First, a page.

Together with the Research School Political History we will run a workshop with the title ‘Data management and analysis for historical research in nodegoat’ on 23 October 2023. The workshop takes place between 10:00 and 17:00 at the Oost-Indisch Huis in Amsterdam. This is an in-person event and registration is required. Registration deadline is 9 October.
Thanks to the Allmaps project, it is now possible to use any map that has been published as a IIIF image as a background map in your geographic visualisations in nodegoat.
The International Image Interoperability Framework (IIIF) is a set of open standards for publishing digital objects, maintained by a consortium of cultural institutions. The list of institutions that publish their digitised maps as IIIF images is constantly growing. This overview provides a number of examples of available resources. The David Rumsey Map Collection also contains a large number of maps that have been published as IIIF images.
nodegoat Users have been able to use (historical) maps that are published as XYZ-tiles. We have now updated our Guide 'Use a Historical Map' to describe the steps you need to take to use IIIF images as a background map for your geographic visualisations in nodegoat. The Guide uses an example of a historical map published in the Digital Collections of Leiden University Libraries.
On Wednesday 11 October 2023 we will run a nodegoat Workshop at Stockholm University. The workshop will take place between 10.00 and 16.30 at Bergsmannen, Stockholm University. This is an in-person event and registration is required. Registration deadline is 27 September.
The Scope functionality is used throughout nodegoat to traverse your data model and select elements to be included in a visualisation, analysis, or export. With the Scope, you can limit or expand your data selection. In a prosopographical analyses you might want to include all educational institutes related to one person, plus all the relations of these institutes, while omitting all other personal relations of a person. Follow this Guide to learn how to configure a Scope.
Chronology Statements that you make in nodegoat allow you to specify what you mean by a statement like 'circa'. Instead of using qualitative statements about vagueness, Chronology Statements provide you with a way of making quantitative statements about vagueness. Chronology Statements also allow you to make relational date statements: 'the date point is between the sending of letter X and the sending of letter Y'. Follow this Guide to learn how to store uncertain dates by using Chronology Statements and follow this Guide to learn how to store relational dates by using Chronology Statements.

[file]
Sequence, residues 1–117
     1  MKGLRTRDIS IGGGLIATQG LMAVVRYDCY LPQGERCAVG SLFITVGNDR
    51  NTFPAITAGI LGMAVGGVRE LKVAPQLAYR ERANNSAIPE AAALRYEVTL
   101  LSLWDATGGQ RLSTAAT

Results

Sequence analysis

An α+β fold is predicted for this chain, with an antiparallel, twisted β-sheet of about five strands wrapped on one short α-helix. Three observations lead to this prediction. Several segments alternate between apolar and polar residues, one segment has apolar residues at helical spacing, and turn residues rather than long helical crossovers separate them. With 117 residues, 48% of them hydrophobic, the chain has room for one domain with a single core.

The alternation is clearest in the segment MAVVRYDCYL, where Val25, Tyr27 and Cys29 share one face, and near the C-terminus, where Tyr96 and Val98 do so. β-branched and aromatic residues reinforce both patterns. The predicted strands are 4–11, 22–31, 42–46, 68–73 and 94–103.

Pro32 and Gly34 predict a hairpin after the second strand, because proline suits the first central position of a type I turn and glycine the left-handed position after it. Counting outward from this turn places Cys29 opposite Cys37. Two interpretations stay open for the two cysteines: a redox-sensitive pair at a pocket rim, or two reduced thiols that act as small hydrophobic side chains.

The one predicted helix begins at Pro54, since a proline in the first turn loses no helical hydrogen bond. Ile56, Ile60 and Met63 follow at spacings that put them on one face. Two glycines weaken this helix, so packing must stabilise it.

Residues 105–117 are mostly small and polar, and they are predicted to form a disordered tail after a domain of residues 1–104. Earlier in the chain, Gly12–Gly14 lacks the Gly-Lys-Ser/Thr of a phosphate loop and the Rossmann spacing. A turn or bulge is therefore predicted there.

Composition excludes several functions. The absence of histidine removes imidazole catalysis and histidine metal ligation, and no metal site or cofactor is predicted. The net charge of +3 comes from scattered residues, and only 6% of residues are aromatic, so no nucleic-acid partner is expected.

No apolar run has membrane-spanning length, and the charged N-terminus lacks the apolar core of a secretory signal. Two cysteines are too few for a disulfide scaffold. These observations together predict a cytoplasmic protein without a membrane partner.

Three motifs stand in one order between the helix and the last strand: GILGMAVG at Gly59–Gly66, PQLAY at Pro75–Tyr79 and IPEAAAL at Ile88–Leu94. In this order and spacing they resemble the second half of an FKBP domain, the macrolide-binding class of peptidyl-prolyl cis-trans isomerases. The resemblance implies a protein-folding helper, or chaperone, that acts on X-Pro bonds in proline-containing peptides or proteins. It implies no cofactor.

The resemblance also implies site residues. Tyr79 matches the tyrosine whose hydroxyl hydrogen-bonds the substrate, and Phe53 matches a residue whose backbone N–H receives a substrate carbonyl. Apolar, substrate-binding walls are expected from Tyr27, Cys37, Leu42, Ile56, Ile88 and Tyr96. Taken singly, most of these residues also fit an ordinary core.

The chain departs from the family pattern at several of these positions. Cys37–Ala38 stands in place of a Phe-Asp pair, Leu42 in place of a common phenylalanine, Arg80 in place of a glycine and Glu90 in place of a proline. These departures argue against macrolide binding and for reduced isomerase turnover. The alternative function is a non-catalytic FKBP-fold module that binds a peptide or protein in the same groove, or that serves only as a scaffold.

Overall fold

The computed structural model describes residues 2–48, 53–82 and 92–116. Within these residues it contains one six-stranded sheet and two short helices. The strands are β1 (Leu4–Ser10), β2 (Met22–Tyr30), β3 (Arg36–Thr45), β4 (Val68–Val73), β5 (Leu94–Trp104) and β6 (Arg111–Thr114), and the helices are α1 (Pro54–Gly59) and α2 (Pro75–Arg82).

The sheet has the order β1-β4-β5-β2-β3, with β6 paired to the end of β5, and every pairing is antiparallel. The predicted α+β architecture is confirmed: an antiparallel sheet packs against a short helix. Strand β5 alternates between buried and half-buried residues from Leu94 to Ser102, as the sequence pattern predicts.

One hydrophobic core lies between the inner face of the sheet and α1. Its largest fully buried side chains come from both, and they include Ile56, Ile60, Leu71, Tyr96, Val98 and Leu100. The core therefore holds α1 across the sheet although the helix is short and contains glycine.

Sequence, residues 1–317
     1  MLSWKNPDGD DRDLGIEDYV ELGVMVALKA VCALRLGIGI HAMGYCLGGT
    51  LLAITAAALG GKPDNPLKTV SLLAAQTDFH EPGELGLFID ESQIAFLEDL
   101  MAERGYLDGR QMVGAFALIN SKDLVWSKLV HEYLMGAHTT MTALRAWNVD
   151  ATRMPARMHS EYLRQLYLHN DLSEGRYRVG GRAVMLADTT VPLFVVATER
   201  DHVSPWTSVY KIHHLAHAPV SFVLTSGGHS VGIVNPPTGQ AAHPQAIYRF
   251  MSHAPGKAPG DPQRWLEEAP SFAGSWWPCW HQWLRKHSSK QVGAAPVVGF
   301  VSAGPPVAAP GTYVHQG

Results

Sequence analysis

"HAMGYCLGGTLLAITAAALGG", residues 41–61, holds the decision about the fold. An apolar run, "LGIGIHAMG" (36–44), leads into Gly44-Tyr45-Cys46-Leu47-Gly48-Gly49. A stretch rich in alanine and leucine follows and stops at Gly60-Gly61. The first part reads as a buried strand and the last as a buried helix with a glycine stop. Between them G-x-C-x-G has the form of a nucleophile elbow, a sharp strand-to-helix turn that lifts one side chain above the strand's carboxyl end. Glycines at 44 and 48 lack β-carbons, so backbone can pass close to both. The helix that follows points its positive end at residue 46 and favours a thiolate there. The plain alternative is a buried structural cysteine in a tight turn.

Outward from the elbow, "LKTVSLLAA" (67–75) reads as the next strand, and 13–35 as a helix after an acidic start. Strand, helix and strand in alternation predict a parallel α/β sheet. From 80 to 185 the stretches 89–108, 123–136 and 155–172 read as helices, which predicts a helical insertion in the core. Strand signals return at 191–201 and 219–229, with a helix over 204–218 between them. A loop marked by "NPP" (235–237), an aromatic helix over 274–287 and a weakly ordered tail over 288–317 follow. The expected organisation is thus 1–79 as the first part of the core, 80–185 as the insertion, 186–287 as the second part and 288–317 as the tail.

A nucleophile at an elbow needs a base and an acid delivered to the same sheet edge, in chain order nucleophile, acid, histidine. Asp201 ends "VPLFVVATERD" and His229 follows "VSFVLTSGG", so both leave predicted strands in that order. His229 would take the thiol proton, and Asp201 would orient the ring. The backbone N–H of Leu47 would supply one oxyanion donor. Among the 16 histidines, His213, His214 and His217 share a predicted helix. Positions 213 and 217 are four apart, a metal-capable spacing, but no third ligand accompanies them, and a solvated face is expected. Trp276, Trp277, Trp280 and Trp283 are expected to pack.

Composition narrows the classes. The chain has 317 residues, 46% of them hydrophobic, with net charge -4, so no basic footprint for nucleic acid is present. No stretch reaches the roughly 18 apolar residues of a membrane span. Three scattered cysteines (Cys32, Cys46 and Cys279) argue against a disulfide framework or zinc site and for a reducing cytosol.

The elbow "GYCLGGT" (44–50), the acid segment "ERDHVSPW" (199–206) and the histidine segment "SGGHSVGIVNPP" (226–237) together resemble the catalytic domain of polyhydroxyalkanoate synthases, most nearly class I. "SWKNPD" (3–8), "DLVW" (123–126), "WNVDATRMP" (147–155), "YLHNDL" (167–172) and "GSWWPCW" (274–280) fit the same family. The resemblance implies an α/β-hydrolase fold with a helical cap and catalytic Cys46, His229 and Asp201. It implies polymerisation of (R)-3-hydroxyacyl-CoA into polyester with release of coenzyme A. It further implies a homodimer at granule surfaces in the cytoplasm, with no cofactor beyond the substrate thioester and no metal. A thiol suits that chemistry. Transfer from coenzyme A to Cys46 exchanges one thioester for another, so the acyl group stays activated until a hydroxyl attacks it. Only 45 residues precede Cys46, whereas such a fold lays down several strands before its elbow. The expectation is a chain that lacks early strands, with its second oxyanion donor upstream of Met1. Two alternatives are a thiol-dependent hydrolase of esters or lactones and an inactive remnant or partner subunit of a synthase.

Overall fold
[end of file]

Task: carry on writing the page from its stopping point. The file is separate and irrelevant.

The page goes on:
The temporally-aware dynamic network analysis functionality makes the temporal options offered by the Chronology Statements available on any level of a Scope. This allows you to apply and pass temporality to time-bound connections in any of a Scope's paths. The dates from Chronology Statements can be sourced from every step in the traversal: ascendant or descendant nodes, and combinations. Selected configurations can be applied on any/all of the connections/edges: outbound or inbound directionality, and combinations.
Example: Academic Connections
With this functionality it is now possible to dynamically generate networks of people who attended the same educational institute at the same time, without specifying any dates in a filter. The temporally-aware dynamic network analysis functionality applies the initial date on every other relationship that appears on a specified path:
The obvious benefit of this approach is the scalability of this functionality, as it allows you to quickly scrutinise complex networks based on time-bound connections:[....]
This year the Leipzig Research Centre Global Dynamics (ReCentGlobe) has set up a nodegoat Grow installation to service two multi-year research projects. The project 'Die Produktion von Weltwissen im Umbruch' uses nodegoat to analyse the globalisation of knowledge production by mapping the development of Area Studies and Global Studies in the German context over the past 15 years. The project 'African non-military conflict intervention practices' uses nodegoat to build a comprehensive database of non-military interventions since 2004 by the African Union and by Regional Economic Communities.